From The Ways of White Folks
Langston Hughes is so indelibly associated with the Harlem Renaissance of the 1920s that many people forget he was born and raised in Missouri. This, one expects, would have given him a formative first-hand experience with the realities of racism in the American heartland. Not that racism was (or is) absent in New York City, but in Harlem Hughes found a community of African American writers and artists – among them Jean Toomer, George Schuyler, Zora Neale Hurston, Nella Larson, Claude McKay, Wallace Thurman, and W.E.B. Du Bois – that was flourishing in the early decades of the 20th century.
Elsewhere in the 1920s, especially in the South and what is now considered “flyover country,” conditions were not quite so congenial. Jim Crow was in effect, the Ku Klux Klan grew to nationwide prominence, and lynchings of Black Americans were distressingly common.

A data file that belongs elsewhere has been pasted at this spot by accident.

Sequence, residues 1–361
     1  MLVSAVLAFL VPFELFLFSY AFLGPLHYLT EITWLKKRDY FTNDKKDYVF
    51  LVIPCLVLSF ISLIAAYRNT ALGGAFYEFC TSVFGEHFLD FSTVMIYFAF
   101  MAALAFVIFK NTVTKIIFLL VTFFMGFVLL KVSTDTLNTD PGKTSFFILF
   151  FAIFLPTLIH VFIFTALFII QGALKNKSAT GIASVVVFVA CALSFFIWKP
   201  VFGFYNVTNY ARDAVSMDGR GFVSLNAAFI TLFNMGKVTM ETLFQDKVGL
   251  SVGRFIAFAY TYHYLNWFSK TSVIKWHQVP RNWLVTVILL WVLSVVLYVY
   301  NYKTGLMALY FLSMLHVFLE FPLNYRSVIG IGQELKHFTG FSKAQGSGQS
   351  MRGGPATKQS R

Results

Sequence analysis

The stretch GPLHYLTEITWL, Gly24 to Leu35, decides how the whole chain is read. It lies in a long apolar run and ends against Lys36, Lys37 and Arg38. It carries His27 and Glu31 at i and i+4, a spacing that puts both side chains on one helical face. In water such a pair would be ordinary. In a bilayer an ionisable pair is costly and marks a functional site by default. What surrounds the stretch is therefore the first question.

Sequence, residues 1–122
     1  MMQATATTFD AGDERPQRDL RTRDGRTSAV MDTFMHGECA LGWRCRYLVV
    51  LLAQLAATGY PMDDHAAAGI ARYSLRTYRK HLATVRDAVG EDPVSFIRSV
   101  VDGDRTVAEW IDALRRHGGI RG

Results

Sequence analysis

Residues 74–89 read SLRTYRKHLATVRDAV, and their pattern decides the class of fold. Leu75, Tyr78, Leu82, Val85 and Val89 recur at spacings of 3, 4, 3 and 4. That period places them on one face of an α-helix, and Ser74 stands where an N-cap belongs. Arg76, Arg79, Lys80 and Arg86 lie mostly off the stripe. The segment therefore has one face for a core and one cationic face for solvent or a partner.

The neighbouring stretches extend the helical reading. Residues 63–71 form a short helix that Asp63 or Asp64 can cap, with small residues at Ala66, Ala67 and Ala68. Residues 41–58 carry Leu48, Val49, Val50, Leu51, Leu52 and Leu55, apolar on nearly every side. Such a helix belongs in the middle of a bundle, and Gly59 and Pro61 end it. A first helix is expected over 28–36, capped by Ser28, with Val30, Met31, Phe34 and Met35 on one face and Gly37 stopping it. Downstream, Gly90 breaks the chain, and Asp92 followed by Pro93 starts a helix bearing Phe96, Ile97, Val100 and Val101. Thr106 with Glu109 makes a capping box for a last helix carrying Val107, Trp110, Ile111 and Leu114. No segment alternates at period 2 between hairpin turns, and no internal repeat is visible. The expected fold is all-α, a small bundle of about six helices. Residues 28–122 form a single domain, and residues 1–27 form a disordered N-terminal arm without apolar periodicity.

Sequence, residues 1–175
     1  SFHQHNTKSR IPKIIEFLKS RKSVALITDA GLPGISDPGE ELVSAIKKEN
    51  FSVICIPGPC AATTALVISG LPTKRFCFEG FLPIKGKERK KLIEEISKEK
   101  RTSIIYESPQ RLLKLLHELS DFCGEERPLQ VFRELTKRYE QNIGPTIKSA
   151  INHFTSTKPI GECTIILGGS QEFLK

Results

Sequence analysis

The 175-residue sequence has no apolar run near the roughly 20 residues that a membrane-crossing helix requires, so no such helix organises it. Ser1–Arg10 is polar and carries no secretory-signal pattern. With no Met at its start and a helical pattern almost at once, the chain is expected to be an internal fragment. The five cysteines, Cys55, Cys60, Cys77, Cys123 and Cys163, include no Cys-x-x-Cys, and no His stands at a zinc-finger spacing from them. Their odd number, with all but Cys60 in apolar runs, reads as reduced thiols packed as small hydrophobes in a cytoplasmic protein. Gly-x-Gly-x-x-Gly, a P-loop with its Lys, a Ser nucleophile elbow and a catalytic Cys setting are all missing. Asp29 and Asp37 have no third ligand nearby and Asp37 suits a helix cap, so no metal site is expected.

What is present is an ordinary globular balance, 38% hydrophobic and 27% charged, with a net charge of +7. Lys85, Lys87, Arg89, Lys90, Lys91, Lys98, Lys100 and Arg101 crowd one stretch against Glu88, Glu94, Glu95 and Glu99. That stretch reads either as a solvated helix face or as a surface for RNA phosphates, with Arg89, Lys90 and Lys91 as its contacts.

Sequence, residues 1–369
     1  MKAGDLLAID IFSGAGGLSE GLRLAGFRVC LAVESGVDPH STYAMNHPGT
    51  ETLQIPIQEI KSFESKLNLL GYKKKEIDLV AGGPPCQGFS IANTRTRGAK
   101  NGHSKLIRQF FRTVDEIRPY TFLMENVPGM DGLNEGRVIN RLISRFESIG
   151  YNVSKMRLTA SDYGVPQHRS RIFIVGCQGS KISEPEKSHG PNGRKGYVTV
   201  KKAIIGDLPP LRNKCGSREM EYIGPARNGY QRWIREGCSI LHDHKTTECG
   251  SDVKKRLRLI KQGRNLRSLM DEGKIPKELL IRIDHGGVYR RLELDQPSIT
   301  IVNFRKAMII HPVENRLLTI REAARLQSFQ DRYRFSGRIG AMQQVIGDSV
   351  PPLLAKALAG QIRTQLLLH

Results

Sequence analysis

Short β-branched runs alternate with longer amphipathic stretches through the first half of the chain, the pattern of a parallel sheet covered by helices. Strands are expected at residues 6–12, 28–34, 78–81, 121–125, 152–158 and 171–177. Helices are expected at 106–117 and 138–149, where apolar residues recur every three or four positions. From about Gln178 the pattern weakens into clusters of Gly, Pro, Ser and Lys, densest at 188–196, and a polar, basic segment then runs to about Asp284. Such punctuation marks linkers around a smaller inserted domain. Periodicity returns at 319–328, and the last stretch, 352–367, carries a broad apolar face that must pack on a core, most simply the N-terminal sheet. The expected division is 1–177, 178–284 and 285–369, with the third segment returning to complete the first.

It is salutary to believe that the Civil Rights movement of the 1960s and ’70s created a more tolerant society, but the recent deaths of George Floyd in Minnesota, Breonna Taylor in Kentucky, and Ahmaud Arbery in Georgia – as well as the ensuing protests, some of them violent – have proved the racial cleavages that scar U.S. history are still very much present in the 21st century. The racism that was institutionalized from the nation’s founding in the practice of chattel slavery has continued unabated, occasionally retreating into the background, but flaring up again and again and again. It has been described, accurately, as America’s original sin.
This is why “Home,” a story Hughes first published in Esquire magazine in 1934, seems so relevant today. The story features Roy Williams, a Black violinist who has toured Europe, playing in Vienna and Berlin, before falling ill and returning to the U.S. The nature of Roy’s illness is unspecified, other than that it involves a persistent cough, hemorrhage, and serious weight loss. (One suspects some form of cancer, but Hughes leaves the exact nature of the disease unspoken.) Convinced he is going to die, Roy decides his last act will be to visit his mother in his hometown of Hopkinsville, Missouri.